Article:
Veterans Day is upon us again, and the slow passing of the World War II generation sparks thought on their contributions. I will let others dwell on their considerable wartime achievements. I am an economist, not a historian, after all.
Our 16 million World War II veterans emerged from conflict in the late summer of 1945 to a muchfractured world. The production of goods-where facilities had survived bombs and artillery-was almost wholly focused on the demands of war. A worldwide recession was imminent. All told, 85 million souls worldwide had died, almost half a million Americans among them. Another million were wounded.
The United States escaped much of the damage of war, but 10 million American servicemen (and a half million servicewomen) had close proximity to battle. Literally every American family was affected.
Emerging from this war, so close on the back of the Great Depression, would seem to have entitled returning veterans to rest and relaxation. Instead, they turned to a greater task and largely rebuilt the world.
That generation paid for the Marshall Plan, which unleashed untold private investment dollars into Europe and East Asia-bringing these utterly devastated foes back to prosperity. Some recent scholarship has questioned the magnitude of the Marshall Plan's economic effect, but there's no doubt that by unleashing the gentler angel of our nature we saved democracy in Europe.
I saw the lasting influence of our World War II GIs firsthand as a young infantry captain in Germany the week the Berlin Wall collapsed. I saw elderly German women pass through the ranks of my brigade with flowers. They tucked them carefully into the buttonholes of American soldiers-the grandsons of their former enemies.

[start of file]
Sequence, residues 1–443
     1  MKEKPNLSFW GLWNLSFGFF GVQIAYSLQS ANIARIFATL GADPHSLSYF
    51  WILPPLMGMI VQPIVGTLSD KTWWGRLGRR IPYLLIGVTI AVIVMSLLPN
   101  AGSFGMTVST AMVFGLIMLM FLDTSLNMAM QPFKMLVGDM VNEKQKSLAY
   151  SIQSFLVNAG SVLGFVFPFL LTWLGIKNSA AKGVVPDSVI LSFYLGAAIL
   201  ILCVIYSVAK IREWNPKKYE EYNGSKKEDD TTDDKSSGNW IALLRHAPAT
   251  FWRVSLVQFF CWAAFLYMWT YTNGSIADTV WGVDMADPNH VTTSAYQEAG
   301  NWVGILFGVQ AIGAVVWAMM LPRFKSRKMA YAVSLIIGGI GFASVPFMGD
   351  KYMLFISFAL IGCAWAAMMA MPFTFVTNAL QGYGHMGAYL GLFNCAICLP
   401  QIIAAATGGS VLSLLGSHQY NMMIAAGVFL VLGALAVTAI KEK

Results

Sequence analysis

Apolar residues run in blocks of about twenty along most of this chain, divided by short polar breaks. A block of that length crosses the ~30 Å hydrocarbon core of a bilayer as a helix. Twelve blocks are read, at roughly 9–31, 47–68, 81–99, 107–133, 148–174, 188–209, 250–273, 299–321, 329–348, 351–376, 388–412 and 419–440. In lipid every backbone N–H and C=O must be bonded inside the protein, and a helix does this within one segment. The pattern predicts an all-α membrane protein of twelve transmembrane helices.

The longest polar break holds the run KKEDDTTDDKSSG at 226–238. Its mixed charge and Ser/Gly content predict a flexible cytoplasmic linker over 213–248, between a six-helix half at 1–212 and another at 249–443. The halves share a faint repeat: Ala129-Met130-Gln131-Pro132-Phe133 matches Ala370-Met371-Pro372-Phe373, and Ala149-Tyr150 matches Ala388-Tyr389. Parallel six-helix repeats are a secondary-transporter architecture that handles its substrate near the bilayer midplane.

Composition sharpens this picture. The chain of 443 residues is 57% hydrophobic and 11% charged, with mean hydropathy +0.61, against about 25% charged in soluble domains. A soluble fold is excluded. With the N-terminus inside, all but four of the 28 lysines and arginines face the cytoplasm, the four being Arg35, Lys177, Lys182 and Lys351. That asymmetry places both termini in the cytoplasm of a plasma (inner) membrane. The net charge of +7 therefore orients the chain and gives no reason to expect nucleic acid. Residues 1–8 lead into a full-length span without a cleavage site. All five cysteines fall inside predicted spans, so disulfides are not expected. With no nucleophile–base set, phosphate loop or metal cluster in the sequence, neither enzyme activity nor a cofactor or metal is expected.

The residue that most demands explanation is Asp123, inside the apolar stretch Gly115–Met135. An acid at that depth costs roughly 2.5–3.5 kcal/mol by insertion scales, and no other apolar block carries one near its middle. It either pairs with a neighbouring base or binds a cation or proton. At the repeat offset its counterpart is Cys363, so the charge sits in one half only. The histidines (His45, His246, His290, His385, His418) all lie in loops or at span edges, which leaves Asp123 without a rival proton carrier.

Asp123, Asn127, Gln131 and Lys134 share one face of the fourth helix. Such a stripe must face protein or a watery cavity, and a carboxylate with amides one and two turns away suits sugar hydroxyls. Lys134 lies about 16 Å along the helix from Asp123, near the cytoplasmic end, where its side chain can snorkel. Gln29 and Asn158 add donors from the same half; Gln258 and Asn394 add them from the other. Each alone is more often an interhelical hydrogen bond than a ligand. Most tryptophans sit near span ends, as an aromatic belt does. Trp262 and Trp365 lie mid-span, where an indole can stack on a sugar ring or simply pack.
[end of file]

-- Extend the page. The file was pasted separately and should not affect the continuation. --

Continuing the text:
At home, the GI Bill transformed American higher education. Our veterans even ushered in such innovations from military service as the small group lectures of the MBA program (appropriated from the Infantry School curriculum).
In the factory, returning veterans contributed to the most remarkable period of economic growth in more than 100 years. The quantity and quality of American manufactured goods set the world standard for production organization and technology. In the body politic, veterans of World War II contributed seven of the succeeding eight postwar presidents (and were parents of two of the remaining three).
To be sure, the war generation produced its share of miscreants, but as a group, it just won't be thought of in that way. There's too much achievement for even the most cynical observer to argue otherwise.
In the end, what amazes me most about that generation is its robustness. The transformation of the American economy depended on the quiet work of veterans who returned from the most challenging of human experiences, picked up their tools and went to work.
When Veterans Day is observed Nov. 12, let us remember to thank those veterans for the world we have inherited.
Hicks is director of the Bureau of Business Research at Ball State University. His column appears weekly. He can be reached at email@example.com.